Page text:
Thomas Prosch was a key early journalist, historian, and civic booster in Washington state. He was the son of Charles Prosch, who founded the Puget Sound Herald in Steilacoom in 1858. Thomas grew up helping his father with the newspaper, and bought the paper in 1872 when he was 22 years old. He moved it to Tacoma in 1873 and to Seattle in 1875. The Tribune ceased publication in 1878. In 1879, Prosch and Samuel L. Crawford bought the Seattle paper the Intelligencer, and in 1881 with John Leary and George W. Harris established the Seattle Post-Intelligencer. In 1884, Prosch became sole owner. Following the paper's sale in 1886, Thomas Prosch focused his energy on recording and preserving the history of the region and on civic improvement. Thomas Prosch was killed along with his wife and two others in a tragic automobile accident on March 30, 1915.
Newspaperboy to Newspaperman
Thomas Wickham Prosch was born on June 2, 1850, in Brooklyn, New York. At the age of 5 he moved to San Francisco with his parents Charles and Susan Prosch and brothers James and Frederick. In February 1858, the family moved to Steilacoom. Charles Prosch founded a newspaper, the Puget Sound Herald and from the beginning young Thomas helped his father with this family endeavor, setting type from the age of nine.
In 1867, Charles purchased the Pacific Tribune, then published in Olympia. The paper endured despite financial difficulties, but by 1872 had accrued such debt that it was sold at a sheriff’s sale.
Thomas Prosch, now a young man of 22, had accumulated enough money working various trades that he was able to buy the business at this sale. He moved the paper to Tacoma in 1873 and to Seattle in 1875.
In 1877, Prosch married Virginia McCarver. Her parents Morton and Julia Ann McCarver were the founders of Tacoma. Thomas and Virginia Prosch had six children: Julia, Edith, Genevieve, Beatrice, Phoebe, and Arthur.
The Tribune ceased publication in 1878. In 1879 Prosch and Samuel L. Crawford bought the Seattle paper the Intelligencer, and in 1881 with John Leary and George W. Harris established the Seattle Post-Intelligencer. In 1884 he became sole owner. Following the paper’s sale in 1886, Thomas Prosch focused even more of his energy on historical work and civic improvement.
Citizen and Civic Booster
Prosch was appointed Seattle’s Postmaster by President U.S. Grant (1822-1885), a post he held from 1876 to 1878. He served on the Seattle Board of Education from 1891 to 1893. An early and long-standing member of the Seattle Chamber of Commerce, Prosch actively promoted Seattle and played a major role in both the civic and social life of the city. Following the Great Seattle Fire in 1889 he headed up the fire relief efforts, accepting donations of food, goods, and money, and coordinating supply distribution.
As he grew older, Thomas Prosch became increasingly interested in documenting the history of his fledgling city. He walked the town taking photographs, which he assembled into annotated albums. These document Seattle from its earliest days, including the period before the Great Fire. He assembled a dictionary of Chinook trade jargon.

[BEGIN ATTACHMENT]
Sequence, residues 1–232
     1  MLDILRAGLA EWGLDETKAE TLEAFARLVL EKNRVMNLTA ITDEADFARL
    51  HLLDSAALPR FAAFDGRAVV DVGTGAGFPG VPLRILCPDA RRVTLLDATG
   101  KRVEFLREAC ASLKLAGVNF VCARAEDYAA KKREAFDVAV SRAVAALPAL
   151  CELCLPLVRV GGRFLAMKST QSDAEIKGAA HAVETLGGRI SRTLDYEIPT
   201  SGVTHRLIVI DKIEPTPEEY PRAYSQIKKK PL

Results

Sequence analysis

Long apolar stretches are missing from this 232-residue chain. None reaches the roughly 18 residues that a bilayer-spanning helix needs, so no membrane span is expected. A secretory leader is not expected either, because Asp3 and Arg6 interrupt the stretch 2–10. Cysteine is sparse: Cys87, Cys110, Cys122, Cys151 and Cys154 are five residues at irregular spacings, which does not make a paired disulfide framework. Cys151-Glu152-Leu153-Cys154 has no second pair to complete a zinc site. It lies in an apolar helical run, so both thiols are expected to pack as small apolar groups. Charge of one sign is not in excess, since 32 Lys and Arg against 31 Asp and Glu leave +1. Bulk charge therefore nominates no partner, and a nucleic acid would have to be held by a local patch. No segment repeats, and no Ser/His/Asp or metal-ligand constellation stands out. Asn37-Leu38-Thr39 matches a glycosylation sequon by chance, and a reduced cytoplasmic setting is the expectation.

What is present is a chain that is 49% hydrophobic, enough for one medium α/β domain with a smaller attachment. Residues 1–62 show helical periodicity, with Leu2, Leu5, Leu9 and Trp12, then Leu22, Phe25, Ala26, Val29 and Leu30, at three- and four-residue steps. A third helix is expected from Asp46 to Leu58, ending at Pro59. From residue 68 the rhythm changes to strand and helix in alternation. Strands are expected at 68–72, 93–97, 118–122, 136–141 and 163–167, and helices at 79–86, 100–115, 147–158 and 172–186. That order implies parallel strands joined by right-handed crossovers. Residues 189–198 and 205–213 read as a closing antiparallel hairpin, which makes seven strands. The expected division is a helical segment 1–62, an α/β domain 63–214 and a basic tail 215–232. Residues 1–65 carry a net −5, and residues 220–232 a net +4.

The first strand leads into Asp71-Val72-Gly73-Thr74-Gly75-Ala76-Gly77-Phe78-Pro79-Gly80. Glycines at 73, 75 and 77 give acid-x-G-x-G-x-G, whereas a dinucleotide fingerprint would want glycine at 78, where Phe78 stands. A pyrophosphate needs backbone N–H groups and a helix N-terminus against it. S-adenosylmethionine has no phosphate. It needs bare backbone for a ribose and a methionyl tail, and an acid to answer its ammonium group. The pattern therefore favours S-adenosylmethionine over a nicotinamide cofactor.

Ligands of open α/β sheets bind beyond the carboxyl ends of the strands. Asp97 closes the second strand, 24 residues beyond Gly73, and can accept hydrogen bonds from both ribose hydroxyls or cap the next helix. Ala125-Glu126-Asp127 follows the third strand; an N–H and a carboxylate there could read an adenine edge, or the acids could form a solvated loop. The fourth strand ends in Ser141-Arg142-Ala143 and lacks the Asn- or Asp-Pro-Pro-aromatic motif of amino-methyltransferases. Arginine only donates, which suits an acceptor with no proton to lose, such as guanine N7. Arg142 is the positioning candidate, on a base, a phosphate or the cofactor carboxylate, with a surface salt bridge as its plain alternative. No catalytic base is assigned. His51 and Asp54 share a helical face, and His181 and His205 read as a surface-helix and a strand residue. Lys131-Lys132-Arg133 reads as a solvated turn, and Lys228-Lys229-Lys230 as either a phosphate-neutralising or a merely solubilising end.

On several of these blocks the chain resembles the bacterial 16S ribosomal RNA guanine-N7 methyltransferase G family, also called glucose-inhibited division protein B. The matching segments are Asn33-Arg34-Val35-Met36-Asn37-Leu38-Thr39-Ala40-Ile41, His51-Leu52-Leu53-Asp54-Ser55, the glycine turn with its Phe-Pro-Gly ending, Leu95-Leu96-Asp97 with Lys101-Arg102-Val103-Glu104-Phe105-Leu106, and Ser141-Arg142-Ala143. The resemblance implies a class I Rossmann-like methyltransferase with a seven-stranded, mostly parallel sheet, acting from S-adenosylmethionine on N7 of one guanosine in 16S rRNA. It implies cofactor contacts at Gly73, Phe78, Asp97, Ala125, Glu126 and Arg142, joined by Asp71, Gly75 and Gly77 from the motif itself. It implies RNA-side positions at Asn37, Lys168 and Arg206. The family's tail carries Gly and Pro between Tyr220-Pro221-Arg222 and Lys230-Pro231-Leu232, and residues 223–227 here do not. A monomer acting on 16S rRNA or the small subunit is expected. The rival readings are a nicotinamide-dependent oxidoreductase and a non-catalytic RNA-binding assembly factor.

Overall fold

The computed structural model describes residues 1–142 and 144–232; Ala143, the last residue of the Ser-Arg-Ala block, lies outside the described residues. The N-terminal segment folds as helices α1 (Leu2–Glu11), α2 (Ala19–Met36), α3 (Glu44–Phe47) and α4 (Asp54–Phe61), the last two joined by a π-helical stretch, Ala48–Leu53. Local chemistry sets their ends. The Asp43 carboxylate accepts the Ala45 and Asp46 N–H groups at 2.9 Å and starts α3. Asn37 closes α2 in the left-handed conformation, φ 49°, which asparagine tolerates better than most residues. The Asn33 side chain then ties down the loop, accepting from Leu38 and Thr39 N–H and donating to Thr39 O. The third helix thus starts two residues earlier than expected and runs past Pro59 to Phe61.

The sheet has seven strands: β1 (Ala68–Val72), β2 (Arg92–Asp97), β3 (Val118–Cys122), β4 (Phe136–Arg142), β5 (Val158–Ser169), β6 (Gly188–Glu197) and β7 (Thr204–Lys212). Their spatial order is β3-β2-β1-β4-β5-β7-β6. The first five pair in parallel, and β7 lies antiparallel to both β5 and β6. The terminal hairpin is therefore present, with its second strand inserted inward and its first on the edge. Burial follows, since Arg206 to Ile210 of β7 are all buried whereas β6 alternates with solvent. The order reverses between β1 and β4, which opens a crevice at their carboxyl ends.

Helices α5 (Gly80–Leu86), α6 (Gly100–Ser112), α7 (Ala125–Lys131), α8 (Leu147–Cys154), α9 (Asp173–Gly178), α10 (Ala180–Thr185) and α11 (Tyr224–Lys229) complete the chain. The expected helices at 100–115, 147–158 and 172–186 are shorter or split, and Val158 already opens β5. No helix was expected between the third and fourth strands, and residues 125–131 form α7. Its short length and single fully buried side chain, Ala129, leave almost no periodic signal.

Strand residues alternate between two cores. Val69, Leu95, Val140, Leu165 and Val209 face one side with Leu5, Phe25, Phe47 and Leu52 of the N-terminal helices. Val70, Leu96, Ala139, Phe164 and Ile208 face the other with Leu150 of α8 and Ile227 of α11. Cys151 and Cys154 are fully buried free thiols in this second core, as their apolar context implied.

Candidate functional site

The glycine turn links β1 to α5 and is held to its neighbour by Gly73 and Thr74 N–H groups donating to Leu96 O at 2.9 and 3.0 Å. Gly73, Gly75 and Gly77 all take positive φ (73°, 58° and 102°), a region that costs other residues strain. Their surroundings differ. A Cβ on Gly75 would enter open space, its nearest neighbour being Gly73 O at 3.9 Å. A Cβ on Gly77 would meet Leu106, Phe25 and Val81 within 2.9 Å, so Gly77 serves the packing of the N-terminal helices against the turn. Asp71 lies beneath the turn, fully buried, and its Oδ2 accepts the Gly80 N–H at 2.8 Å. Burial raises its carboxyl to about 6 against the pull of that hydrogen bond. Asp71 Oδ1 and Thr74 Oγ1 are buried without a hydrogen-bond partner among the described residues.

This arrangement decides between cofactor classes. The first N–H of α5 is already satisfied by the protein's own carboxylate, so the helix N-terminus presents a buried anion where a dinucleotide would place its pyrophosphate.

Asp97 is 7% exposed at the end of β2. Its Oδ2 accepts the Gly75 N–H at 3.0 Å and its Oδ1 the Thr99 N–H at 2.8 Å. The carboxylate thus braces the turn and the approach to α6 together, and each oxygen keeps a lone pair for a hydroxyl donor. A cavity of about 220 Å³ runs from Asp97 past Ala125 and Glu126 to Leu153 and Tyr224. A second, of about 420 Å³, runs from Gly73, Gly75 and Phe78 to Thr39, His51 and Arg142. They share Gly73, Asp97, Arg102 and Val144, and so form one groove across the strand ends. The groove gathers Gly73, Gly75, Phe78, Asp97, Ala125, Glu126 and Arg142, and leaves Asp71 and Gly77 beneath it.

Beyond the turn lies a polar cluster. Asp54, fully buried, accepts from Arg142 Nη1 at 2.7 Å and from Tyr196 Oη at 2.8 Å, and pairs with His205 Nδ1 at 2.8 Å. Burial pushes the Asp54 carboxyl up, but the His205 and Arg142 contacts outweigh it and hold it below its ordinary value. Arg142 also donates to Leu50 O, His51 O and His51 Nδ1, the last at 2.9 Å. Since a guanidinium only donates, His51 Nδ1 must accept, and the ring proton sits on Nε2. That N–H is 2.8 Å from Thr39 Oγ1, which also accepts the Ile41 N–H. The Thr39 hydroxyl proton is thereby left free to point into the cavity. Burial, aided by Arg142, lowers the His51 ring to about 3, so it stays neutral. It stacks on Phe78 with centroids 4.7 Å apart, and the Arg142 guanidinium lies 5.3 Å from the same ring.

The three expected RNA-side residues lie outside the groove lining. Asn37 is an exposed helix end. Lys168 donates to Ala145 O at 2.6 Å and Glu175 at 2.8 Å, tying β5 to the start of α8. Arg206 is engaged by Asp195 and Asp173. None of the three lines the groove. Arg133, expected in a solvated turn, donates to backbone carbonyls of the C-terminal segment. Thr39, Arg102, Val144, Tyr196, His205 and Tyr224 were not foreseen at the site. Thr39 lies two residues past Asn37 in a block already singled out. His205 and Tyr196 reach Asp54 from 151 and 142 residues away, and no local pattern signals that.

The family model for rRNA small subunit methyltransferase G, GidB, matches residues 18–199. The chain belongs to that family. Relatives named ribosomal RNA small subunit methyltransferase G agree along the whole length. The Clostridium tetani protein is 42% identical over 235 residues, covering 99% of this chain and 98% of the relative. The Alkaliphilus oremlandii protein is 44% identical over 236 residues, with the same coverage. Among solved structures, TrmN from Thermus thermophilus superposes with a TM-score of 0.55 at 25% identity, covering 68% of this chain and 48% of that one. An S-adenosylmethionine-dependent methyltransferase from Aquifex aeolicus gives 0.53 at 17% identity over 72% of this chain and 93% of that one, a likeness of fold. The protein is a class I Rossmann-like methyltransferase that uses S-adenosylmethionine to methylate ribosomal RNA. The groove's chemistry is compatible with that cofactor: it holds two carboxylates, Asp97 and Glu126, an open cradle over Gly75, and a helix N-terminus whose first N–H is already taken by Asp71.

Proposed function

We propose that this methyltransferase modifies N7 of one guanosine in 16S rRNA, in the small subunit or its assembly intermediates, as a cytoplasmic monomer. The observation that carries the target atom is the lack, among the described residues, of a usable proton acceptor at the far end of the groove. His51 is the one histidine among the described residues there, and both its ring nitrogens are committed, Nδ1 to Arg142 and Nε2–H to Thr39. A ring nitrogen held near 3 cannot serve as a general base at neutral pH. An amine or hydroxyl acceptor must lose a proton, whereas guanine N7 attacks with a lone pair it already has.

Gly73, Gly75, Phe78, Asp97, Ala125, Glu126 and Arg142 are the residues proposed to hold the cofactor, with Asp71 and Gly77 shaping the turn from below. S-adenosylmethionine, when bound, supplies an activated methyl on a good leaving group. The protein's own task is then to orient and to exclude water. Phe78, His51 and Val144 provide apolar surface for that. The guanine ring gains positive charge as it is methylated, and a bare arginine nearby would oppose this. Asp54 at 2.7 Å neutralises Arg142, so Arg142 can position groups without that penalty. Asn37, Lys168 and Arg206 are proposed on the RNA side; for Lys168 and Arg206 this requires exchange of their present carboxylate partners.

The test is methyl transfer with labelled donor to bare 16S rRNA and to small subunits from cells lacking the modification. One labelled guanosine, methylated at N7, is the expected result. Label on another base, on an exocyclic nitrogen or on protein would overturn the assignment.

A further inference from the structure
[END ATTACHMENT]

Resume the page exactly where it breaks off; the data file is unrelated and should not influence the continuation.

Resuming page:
Historian and Writer
He wrote and published several books documenting the role his extended family and other pioneers had played in the history of the Puget Sound region. They include McCarver and Tacoma, The Conkling-Prosch Family, David S. Maynard and Catherine T. Maynard, David E. Blaine and Catherine P. Blaine. He wrote a chronological history of Seattle from 1850-1897, which was still unpublished when he died. The manuscript of this book was typed and the typescript bound as a Works Progress Administration project in the late 1930s. Important accounts of the region’s history are based on Prosch’s work.
Prosch wrote many articles for the Washington Historical Quarterly, including a yearly summation of obituaries of the previous year’s "Pioneer Dead." His work is notable for his inclusion of female pioneers in the written record. In this he stands out from many of the region’s other early historians.
The events Thomas Prosch recorded were his own stories and those of his friends and neighbors. In Seattle’s history he was both participant and documenter. His pioneer fervor was tempered by a journalist’s eye. A good deal of what he first recorded stands as the Puget Sound region’s written historic record.
Thomas Prosch assembled an extensive private library of Northwest history materials. He was a frequent speaker to civic and historical organizations and was often tapped to dedicate a monument or mark an important event with a tale or a toast.
A Tragic Death
On March 30, 1915, Thomas Prosch along with his wife Virginia Prosch and two others were killed in a tragic accident. Prosch, his wife, three friends, and a driver were driving home to Seattle from a meeting of the Washington Historical Society in Tacoma. The automobile failed to negotiate a turn and plunged off the Riverton Draw Bridge into the Duwamish River. Emily Carkeek, the owner of the car, and the driver, Paul Kumai, survived, but Thomas Prosch, Virginia McCarver Prosch (1851-1915), Margaret Lenora Denny (1847-1915), and the artist Harriet Foster Beecher (1854-1915) were trapped in the back seat and lost their lives.
After his death, his daughter Edith pasted Thomas Prosch's own obituary into the scrapbook he'd kept of clippings related to pioneer deaths. Edith produced two more years of obituary summations for the Washington Historical Quarterly.
His friend University of Washington Assistant Librarian Charles W. Smith (1877-1956) reflected a few years after Prosch’s death, “Though his work was cut short in the midst of his greatest activity, he had already accomplished much of high and enduring value. Subsequent historians in the Pacific Northwest will yield grateful recognition to this industrious and painstaking workman” (Smith).